Republican lawmakers in Michigan have officially killed a law that allowed Democratic Gov. Gretchen Whitmer to lock down the state indefinitely during the coronavirus pandemic — and the governor is reportedly powerless to veto it.
According to WDIV-TV, the Republican-led state House voted 60-48 on Wednesday to repeal an emergency powers law that granted broad authority to governors to issue an emergency declaration and enact rules to "protect life and property or to bring the emergency situation within the affected area under control." The state Senate approved the repeal proposal last week.
The law, known as the Emergency Powers of the Governor Act of 1945, was employed by Whitmer early on in the pandemic to enact draconian and indefinite health and safety restrictions. But it was declared unconstitutional by the Michigan Supreme Court last October.
With the Wednesday vote, the law has now been completely wiped from the books. And since the repeal proposal was the result of a citizen-initiated campaign, the governor is unable to veto it.
Another emergency powers law, known as the Emergency Management Act of 1976, remains in place. Under that law, however, emergency orders cannot extend beyond 28 days unless they receive legislative approval.
Unlock Michigan, the citizen campaign that led the repeal initiative, reportedly "spent millions of dollars to collect hundreds of thousands of voter signatures" in order to bring the bill before the state legislature.
Fred Wszolek, a spokesman for the group, celebrated the repeal vote on Wednesday, saying it ended Whitmer's "rule by decree."
"We're grateful to the members of the House and Senate who stood with the people of Michigan, and we're grateful for their help in repealing the misguided 1945 law that caused so much pain once and for all," Wszolek said, according to the Detroit News.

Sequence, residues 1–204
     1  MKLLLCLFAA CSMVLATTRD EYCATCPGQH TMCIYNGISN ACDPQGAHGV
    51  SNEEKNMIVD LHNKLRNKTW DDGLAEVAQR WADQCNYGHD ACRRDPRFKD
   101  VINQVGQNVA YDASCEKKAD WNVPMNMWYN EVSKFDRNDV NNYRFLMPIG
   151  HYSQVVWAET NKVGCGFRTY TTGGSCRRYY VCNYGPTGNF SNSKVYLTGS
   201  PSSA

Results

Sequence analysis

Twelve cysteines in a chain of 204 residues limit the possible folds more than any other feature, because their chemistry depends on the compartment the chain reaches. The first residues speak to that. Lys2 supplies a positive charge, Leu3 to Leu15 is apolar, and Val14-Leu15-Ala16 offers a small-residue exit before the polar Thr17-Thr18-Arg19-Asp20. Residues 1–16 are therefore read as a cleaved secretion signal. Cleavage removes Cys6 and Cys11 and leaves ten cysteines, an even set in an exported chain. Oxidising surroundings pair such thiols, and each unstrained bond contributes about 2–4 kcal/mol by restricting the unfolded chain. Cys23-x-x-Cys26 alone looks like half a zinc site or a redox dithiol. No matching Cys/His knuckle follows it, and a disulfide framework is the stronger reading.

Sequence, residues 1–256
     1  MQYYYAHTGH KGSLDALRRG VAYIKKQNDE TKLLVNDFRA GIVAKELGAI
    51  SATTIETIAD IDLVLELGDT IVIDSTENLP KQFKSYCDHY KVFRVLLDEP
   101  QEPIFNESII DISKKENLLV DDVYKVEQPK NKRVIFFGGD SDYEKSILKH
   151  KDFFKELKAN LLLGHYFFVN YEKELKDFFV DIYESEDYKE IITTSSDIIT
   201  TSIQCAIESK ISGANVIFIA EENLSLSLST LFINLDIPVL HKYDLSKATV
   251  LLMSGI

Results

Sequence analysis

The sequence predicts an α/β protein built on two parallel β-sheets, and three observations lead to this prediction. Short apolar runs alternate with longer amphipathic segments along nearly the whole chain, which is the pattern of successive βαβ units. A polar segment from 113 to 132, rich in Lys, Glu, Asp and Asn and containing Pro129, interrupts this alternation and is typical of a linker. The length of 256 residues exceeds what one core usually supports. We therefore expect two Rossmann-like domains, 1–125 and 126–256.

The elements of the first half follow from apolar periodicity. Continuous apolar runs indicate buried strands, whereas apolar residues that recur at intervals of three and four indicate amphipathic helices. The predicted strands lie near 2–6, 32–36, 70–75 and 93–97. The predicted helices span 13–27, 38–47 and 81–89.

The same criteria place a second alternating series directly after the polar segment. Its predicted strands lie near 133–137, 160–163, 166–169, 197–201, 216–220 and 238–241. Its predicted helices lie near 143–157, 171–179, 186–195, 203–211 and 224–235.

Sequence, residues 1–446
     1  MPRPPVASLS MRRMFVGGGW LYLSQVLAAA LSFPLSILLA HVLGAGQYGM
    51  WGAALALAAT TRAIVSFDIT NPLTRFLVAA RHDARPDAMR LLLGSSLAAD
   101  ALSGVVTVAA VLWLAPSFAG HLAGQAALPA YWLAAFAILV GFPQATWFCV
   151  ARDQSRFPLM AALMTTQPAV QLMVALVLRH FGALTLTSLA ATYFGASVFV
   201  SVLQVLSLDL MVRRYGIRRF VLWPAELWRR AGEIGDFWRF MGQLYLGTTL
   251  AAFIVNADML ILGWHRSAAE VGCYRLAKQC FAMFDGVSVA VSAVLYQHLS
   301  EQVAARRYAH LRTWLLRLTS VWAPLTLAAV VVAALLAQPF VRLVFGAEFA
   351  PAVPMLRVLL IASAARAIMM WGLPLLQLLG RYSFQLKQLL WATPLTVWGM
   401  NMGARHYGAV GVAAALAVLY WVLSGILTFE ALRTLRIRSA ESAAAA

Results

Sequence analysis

His group is now reportedly circulating petitions to revise a separate law, passed in 1978, that enabled Whitmer's administration to extend public health orders, such as capacity and masking restrictions, indefinitely without approval from lawmakers.
Wszolek said Whitmer also "abused" that law "to destroy lives, businesses, and futures."
Certainly, Michiganders have endured some of the nation's harshest lockdown policies since the start of the pandemic last March. Whitmer, though, has argued that her emergency directives were intended to keep residents safe.
Her allies, too, have warned that repealing the public health laws would only endanger residents.
"Today, House Republicans voted to eradicate an important tool for elected leaders trying to save lives and stop the spread of deadly, infectious diseases like COVID-19, Legionnaire's, tuberculosis and anthrax," Mark Fisk, a spokesman for Keep Michigan Safe, a group formed to oppose Unlock Michigan, said.